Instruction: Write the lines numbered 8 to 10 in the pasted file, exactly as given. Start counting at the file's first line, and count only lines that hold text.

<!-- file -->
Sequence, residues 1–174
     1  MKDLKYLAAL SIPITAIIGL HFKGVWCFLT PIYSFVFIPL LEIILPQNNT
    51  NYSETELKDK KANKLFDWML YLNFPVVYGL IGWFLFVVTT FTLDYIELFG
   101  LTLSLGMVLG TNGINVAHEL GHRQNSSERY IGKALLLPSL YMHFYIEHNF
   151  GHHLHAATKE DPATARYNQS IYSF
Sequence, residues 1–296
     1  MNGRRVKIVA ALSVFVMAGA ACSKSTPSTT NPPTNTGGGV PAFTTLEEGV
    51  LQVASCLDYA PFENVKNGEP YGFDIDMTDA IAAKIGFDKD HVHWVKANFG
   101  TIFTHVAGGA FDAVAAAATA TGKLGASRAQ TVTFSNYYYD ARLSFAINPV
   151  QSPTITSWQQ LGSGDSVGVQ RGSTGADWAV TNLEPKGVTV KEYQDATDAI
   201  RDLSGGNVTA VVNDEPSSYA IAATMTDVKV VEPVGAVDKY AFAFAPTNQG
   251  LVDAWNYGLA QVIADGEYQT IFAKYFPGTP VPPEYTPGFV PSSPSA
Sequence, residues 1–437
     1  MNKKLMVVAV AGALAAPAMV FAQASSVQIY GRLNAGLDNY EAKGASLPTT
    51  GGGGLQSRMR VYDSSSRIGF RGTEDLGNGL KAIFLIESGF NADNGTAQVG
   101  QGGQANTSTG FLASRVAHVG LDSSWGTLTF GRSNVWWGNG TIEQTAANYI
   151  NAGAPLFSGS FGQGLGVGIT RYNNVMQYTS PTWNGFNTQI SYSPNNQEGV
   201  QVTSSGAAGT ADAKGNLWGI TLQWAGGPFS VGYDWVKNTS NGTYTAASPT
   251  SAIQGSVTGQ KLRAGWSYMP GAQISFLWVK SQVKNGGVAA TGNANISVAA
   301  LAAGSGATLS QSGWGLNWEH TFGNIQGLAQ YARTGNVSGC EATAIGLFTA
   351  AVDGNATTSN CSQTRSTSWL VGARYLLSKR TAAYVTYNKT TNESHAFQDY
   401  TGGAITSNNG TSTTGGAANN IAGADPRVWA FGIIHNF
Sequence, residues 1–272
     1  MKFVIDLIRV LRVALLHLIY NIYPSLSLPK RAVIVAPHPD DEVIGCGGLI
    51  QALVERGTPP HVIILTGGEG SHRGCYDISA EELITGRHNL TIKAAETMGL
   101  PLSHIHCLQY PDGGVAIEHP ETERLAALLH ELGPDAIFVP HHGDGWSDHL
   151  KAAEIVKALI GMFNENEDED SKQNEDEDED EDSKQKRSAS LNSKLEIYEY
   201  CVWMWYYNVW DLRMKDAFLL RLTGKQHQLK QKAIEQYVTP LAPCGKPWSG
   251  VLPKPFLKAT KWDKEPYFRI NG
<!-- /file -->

    51  LQVASCLDYA PFENVKNGEP YGFDIDMTDA IAAKIGFDKD HVHWVKANFG
   101  TIFTHVAGGA FDAVAAAATA TGKLGASRAQ TVTFSNYYYD ARLSFAINPV
   151  QSPTITSWQQ LGSGDSVGVQ RGSTGADWAV TNLEPKGVTV KEYQDATDAI